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Kennedy

I’ve been lucky to have an adviser who not only responds to my emails but also sets aside WASE appointments for his advisees and has made an effort to learn what I want out of my academic career. Most first-years cannot say that they feel they even know a faculty member, never mind have one that knows their name, hopes, wants, and dreams. Yes, Princeton prides itself on the focus on undergraduates, but I was not expecting that promise to be so fulfilled. I thought of anything I heard on a college tour as a campaign promise.

But Princeton has put productive measures in place to ensure that promise is fulfilled. First-years are required to meet with their advisers prior to registering for classes, which gives them three mandatory check-ins with a faculty member throughout the year. For practical reasons, these meetings ensure that course selections are thoughtful and that requirements are fulfilled, but more importantly, they establish a culture of taking control of one’s education by asking for help.

An adviser should be seen as a facilitator, either a person an advisee feels will have an answer to a question or a person to point them towards the resources that do. No, they are not here to vent about the woes of the social transition, and no, they won’t tell you exactly what to do, but they prompt students to make a plan and start asking questions within the first week of school. Their presence forces students to engage in their education in a way that many did or could not during high school.

These adviser meetings help ease students into navigating the academic side of Princeton but also provide crucial skills in interacting with professors and TAs. Comfort with one’s professors and with faculty members in general often relates to one’s upbringing and the size and type of their previous school. Different students come to Princeton with different degrees of exposure to the close relationships to faculty encouraged here, and the adviser connection serves as an introduction for those who may not have previously interacted with their educators.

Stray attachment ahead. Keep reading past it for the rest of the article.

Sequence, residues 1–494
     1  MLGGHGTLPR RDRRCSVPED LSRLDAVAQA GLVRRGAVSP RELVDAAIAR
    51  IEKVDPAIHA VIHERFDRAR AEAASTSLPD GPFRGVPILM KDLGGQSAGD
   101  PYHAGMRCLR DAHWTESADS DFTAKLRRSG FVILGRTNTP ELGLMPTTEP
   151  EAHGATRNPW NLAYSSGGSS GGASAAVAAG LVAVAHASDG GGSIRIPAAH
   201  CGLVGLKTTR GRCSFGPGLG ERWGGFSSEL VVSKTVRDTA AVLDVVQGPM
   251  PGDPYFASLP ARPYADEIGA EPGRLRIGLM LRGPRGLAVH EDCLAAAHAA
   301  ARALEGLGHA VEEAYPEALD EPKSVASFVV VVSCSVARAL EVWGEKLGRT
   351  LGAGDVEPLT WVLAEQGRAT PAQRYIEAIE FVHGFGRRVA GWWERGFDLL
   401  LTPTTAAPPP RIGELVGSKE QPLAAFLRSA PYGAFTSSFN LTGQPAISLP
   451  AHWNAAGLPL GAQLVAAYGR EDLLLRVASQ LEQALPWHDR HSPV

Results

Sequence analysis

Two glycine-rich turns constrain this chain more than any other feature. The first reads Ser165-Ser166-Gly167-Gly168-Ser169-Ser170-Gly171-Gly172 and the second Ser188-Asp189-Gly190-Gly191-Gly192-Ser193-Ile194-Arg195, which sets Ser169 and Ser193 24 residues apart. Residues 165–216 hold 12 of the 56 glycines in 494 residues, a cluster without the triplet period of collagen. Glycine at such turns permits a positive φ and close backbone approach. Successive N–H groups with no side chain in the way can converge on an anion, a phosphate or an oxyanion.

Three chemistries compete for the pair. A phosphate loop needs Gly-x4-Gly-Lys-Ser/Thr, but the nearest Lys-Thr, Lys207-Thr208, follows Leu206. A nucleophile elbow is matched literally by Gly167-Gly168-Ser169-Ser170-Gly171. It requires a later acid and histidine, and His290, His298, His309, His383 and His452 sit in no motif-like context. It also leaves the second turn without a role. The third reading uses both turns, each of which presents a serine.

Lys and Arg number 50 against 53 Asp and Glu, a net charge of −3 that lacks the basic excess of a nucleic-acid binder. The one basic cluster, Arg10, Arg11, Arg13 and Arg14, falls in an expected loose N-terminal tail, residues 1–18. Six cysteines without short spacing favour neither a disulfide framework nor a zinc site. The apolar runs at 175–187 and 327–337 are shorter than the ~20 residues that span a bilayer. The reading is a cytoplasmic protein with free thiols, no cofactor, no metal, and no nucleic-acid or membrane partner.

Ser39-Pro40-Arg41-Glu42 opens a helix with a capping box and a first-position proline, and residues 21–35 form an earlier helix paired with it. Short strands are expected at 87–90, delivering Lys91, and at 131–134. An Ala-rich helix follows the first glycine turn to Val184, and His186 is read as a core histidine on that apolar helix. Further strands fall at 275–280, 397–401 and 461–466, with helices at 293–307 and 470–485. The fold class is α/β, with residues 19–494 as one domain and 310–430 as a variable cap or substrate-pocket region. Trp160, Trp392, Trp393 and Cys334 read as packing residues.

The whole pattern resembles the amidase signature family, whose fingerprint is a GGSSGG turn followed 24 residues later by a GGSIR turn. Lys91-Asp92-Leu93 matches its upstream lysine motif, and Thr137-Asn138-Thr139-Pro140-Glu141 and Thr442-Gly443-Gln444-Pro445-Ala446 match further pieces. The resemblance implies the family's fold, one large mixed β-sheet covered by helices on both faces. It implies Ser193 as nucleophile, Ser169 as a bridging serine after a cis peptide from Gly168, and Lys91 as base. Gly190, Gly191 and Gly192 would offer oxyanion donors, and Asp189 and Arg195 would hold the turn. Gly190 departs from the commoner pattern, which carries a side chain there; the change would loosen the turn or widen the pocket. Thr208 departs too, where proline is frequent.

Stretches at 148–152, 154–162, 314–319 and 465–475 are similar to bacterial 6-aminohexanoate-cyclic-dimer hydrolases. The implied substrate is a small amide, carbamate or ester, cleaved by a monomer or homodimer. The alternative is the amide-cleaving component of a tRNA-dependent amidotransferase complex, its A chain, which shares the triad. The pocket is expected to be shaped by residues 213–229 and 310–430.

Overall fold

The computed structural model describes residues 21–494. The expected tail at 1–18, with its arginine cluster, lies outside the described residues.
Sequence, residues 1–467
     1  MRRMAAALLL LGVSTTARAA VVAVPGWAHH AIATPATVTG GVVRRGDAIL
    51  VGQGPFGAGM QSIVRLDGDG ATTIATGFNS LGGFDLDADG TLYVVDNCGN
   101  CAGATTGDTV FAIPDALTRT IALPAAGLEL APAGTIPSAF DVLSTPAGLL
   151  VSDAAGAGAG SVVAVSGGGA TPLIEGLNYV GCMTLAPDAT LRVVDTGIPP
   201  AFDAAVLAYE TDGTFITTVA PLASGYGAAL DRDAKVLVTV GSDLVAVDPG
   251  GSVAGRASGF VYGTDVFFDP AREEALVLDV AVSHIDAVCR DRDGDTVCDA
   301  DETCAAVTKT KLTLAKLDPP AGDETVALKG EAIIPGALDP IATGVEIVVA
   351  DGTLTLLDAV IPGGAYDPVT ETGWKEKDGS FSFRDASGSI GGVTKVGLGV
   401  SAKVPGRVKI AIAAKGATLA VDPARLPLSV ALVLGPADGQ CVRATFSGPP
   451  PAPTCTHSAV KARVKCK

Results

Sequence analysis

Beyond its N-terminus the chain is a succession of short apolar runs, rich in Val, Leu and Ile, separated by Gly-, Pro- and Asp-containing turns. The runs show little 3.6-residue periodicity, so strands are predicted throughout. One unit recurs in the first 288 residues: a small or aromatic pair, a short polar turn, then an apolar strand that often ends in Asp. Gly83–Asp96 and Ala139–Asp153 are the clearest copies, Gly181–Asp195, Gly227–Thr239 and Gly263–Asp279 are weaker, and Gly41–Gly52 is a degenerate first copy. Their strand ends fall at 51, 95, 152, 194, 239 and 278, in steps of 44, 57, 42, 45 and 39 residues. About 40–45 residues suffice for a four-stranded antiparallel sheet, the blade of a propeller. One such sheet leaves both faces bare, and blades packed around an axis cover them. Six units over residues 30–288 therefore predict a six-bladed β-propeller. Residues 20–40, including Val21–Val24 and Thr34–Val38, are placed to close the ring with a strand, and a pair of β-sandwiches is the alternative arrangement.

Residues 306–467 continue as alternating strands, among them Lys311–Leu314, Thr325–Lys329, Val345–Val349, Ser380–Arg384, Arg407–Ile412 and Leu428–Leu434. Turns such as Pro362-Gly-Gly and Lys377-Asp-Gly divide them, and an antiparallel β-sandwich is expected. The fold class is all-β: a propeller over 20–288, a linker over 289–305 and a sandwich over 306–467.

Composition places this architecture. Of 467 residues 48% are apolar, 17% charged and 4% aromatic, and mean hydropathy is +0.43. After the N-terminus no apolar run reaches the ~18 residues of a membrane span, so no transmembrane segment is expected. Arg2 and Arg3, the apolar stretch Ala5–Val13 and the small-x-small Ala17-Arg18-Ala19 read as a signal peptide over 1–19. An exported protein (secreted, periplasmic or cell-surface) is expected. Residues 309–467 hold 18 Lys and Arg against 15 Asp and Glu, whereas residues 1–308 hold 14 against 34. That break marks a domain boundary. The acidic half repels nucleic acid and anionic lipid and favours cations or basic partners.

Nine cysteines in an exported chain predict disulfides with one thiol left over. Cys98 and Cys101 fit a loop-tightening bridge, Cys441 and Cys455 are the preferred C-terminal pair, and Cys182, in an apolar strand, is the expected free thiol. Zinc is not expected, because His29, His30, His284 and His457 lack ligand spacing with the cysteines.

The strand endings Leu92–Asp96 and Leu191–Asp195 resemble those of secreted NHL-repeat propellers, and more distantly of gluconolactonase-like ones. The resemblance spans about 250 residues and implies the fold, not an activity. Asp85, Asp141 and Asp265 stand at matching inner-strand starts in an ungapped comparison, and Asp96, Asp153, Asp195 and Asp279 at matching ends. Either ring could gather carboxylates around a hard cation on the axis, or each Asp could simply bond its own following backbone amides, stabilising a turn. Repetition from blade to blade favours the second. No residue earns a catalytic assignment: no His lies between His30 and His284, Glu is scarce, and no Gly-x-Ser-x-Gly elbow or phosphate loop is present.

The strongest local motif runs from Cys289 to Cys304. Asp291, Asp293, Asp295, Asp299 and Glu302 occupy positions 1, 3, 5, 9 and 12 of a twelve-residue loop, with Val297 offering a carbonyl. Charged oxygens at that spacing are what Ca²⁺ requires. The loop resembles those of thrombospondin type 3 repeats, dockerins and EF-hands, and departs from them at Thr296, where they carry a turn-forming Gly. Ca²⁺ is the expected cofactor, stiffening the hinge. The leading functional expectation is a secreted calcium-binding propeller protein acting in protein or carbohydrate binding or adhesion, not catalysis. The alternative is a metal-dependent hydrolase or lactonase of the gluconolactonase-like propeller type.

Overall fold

Coming from a small private school, I arrived on campus accustomed to developing close relationships with faculty members. But through discussing those experiences with the random assortment of students within my ’zee group, I realized this was an entirely new kind of relationship to some. This is an often-overlooked difficulty, and the adviser system prepares students for these interactions from their first moments here.

I look forward to meeting with my adviser, but another resource that some students prefer to utilize is their residential college’s director of studies. While I did not understand this position when I arrived on campus, I now know through many friends that this position has created another accessible, non-intimidating faculty resource that is greatly appreciated and utilized. “You haven’t met with Cecily yet? Wow, work on that,” a fellow Mathey student said to me while talking about advisers at lunch last week. “It always surprises me and makes my day that Justine Levine knows every kid in Rocky by name,” I heard a Rockyite say about their director of studies while in line for dinner.

While I have been impressed with the academic advising options, I do acknowledge that some students feel they have not had the experience I have. Some advisers may not respond to their advisees’ emails or be easily accessible. And those experiences are to be taken seriously, especially if those students feel their academic journey here has been impaired as a result. I also know students, however, who do not view academic advising as an important aspect of their experience.

In order to ensure the quality of advising, a survey could be administered through TigerHub that follows one’s first year and assesses the impact advising has had on student performance and comfort. Such a step would enable the school to have a greater sense of the range of advising experiences and would also serve as a gauge for how many students prioritize academic advising. This information could point students who feel they have not received the counseling they desire towards the necessary resources, as well as provide students an active role in assessing and shaping guidelines to advisers and how advising is approached here at Princeton.

Rachel Kennedy is a first-year from Dedham, Mass. She can be reached at rk19@princeton.edu.

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